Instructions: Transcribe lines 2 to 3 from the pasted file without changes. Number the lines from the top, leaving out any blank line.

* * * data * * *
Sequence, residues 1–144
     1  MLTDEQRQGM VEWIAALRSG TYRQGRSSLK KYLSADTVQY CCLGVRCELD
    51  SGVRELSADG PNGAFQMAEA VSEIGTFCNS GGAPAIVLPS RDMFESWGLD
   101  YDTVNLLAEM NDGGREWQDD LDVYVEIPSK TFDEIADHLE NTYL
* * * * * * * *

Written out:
     1  MLTDEQRQGM VEWIAALRSG TYRQGRSSLK KYLSADTVQY CCLGVRCELD
    51  SGVRELSADG PNGAFQMAEA VSEIGTFCNS GGAPAIVLPS RDMFESWGLD